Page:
Book Review: A Storm of Swords by George R. R. Martin

Title: A Storm of Swords

Author: George R. R, Martin

Publication Date: 2000

Why did I choose to read this book?

I first read this book about seven years ago. At the moment, I’m in the process of re-reading the first four books in George R. R. Martin’s A Song of Ice and Fire series in preparation for the release of book five, A Dance With Dragons, in July. A Storm of Swords is the third book in the series.

 

Summary

From Amazon UK:

The Seven Kingdoms are divided by revolt and blood feud, and winter approaches like an angry beast. Beyond the Northern borders, wildlings leave their villages to gather in the ice and stone wasteland of the Frostfangs. From there, the renegade Brother Mance Rayder will lead them South towards the Wall. The men of the Night’s Watch are ready for the coming of a great cold and the walking corpses that travel with it. But now they face a horde of wildlings twenty-thousand strong – hungry savage people steeped in the dark magic of the haunted wilderness – poised to invade the Kingdom of the North where Robb Stark wears his new-forged crown. But Robb’s defences are ranged against attack from the South, the land of House Stark’s enemies the Lannisters. His sisters are trapped there, dead or likely yet to die, at the whim of the Lannister boy-king Joffrey or his depraved mother Cersei, regent of the Iron Throne. Cersei’s ambition is unfettered while the dwarf Tyrion Lannister fights for his life, a victim of treachery. And on the other side of the ocean, the last of the Targaryens rears the dragons she hatched from her husband’s funeral pyre. Daenerys Stormborn will return to the land of her birth to avenge the murder of her father, the last Dragon King on the Iron Throne.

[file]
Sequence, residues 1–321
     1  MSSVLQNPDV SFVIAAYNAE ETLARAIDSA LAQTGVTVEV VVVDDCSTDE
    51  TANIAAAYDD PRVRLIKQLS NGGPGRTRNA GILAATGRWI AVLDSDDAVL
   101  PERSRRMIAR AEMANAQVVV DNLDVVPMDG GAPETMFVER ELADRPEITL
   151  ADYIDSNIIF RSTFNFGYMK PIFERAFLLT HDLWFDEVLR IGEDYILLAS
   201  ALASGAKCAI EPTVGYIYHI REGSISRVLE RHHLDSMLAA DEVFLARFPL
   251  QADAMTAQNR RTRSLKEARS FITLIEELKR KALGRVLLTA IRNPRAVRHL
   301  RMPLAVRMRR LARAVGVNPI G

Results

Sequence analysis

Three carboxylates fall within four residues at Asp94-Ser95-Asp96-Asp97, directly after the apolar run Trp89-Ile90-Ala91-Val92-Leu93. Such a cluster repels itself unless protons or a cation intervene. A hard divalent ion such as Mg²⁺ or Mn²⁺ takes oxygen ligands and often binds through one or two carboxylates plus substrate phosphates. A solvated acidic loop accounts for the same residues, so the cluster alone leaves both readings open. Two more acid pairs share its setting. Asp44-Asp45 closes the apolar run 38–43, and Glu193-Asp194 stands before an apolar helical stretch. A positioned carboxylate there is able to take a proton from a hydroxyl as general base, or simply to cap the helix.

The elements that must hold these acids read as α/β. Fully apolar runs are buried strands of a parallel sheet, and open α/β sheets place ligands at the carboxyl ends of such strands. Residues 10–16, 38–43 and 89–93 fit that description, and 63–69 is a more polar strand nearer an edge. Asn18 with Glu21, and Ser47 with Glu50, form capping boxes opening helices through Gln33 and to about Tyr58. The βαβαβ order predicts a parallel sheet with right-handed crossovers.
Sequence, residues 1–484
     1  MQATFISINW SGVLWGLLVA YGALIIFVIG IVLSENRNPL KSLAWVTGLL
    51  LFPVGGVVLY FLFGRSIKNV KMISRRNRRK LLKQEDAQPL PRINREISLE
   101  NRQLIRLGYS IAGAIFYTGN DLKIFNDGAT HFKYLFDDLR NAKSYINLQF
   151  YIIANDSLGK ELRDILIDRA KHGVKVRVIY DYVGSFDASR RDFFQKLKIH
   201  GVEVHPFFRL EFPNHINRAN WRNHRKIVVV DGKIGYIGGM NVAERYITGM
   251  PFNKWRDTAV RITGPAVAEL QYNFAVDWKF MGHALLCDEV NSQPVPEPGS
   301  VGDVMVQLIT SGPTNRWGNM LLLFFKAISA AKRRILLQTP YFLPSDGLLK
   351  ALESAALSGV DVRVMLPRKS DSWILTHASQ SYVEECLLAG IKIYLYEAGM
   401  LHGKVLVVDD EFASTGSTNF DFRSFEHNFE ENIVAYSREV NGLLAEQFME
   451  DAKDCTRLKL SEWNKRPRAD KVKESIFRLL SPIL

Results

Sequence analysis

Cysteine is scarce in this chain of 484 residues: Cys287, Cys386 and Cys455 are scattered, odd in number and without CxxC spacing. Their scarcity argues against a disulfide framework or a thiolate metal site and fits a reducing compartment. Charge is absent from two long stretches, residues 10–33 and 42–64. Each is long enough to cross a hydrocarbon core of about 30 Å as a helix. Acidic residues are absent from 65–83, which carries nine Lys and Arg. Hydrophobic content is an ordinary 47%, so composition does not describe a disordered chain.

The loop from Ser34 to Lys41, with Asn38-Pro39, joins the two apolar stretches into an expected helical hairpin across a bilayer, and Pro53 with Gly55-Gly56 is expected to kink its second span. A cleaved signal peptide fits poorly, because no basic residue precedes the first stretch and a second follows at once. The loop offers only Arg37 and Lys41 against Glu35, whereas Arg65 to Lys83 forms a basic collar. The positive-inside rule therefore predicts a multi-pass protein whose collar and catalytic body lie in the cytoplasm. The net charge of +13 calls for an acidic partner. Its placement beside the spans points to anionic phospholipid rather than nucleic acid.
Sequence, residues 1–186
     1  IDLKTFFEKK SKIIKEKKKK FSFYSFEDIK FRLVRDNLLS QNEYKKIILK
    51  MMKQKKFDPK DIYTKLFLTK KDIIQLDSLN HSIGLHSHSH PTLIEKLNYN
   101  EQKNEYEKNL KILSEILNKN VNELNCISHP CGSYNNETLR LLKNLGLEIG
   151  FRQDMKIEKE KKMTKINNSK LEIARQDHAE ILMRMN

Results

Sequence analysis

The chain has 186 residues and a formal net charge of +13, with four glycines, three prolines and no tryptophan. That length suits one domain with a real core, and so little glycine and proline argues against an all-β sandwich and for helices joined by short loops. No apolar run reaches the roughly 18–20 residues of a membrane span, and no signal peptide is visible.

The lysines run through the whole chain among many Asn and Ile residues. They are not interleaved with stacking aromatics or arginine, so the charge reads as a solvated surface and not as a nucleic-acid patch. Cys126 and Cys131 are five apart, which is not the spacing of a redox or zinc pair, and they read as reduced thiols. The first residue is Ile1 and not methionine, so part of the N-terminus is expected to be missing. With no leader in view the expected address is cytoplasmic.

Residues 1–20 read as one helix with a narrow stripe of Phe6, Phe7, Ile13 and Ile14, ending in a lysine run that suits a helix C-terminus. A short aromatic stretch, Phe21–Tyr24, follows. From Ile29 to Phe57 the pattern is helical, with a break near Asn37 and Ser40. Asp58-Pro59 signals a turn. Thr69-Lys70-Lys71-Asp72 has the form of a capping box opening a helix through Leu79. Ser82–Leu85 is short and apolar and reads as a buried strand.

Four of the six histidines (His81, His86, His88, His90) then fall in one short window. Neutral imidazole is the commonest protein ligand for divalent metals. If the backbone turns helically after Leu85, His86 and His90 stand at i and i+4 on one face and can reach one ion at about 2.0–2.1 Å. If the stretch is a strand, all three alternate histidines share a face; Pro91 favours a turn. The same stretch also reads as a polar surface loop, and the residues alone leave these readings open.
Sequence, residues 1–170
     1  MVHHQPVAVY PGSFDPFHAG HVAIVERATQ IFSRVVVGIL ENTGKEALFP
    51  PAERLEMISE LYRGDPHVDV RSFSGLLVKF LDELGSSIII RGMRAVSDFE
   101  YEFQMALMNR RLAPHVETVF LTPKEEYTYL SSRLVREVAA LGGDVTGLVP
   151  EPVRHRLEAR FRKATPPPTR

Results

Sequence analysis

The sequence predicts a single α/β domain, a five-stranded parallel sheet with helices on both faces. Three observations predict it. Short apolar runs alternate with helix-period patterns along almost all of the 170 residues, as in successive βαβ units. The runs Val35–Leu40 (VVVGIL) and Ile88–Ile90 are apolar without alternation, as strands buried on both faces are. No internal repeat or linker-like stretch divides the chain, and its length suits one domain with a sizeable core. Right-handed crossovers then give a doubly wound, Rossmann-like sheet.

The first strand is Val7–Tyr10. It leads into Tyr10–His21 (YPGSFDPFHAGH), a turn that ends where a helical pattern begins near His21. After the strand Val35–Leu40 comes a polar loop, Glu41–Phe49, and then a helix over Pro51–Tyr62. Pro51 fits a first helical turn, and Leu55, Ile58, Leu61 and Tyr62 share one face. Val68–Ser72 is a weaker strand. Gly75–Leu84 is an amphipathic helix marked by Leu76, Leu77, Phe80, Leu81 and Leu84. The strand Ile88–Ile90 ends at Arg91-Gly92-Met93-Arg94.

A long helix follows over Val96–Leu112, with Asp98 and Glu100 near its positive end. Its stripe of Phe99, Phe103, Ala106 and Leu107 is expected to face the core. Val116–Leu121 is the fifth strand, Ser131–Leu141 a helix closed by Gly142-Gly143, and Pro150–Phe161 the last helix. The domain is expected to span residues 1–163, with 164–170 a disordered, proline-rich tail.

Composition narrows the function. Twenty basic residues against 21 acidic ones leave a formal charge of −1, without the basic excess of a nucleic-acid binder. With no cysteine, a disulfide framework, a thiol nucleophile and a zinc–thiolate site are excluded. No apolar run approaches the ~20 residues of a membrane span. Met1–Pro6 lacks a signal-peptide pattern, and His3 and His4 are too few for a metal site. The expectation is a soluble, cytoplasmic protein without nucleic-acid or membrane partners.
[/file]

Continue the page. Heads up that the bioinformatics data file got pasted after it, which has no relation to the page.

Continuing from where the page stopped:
Review

The fact that I’m re-reading these books should make it pretty clear that I’m a big fan of the A Song of Ice and Fire series. In fact, I’d be willing to say that this is the best fantasy series I’ve ever read. I loved The Lord of the Rings, I loved Tad William’s Memory, Sorrow and Thorn books, I loved Robin Hobb’s Farseer books, and I loved J. V. Jones’ The Book of Words trilogy. But this is better!

George R. R, Martin has created a fantasy world which is as believable and richly detailed as Tolkien’s Middle Earth, and combined it with an incredibly intricate plot and fully-rounded, three-dimensional characters. The sheer scale of the series is breathtaking. The story takes place across two continents and is told through the eyes of a whole host of point of view characters. However, despite the epic scale,  the plot never feels disjointed or confusing, and it certainly doesn’t lack pace.

It’s quite hard to review the books in this series as separate entities. It’s really just one massive story. However, I think it’s safe to say that A Storm of Swords is my favourite installment so far. Whether that’s because it features a lot of chapters told from the points of view of my three favourite characters – Tyrion Lannister, Jon Snow and Arya Stark, or whether its due to the fact that some of the events in this book are truly and shockingly unexpected, I’m not sure. What I am certain of though, is that A Storm of Swords strikes the perfect balance between politics, warfare and traditional fantasy elements (magic and dragons). Although the previous books in the series hinted at the existence of magic and supernatural powers, these come more to the fore in the third book, adding another dimension to the plot.

I can’t really say enough good things about A Storm of Swords. Never before has such a long book (A Storm of Swords is more than 1000 pages) captured my imagination and sustained my attention from start to finish. I really cared about the fates of the characters. It’s a testament to George R. R. Martin’s skill that he can advance such a multi-faceted plot while still writing characters and scenes which fully engage the reader.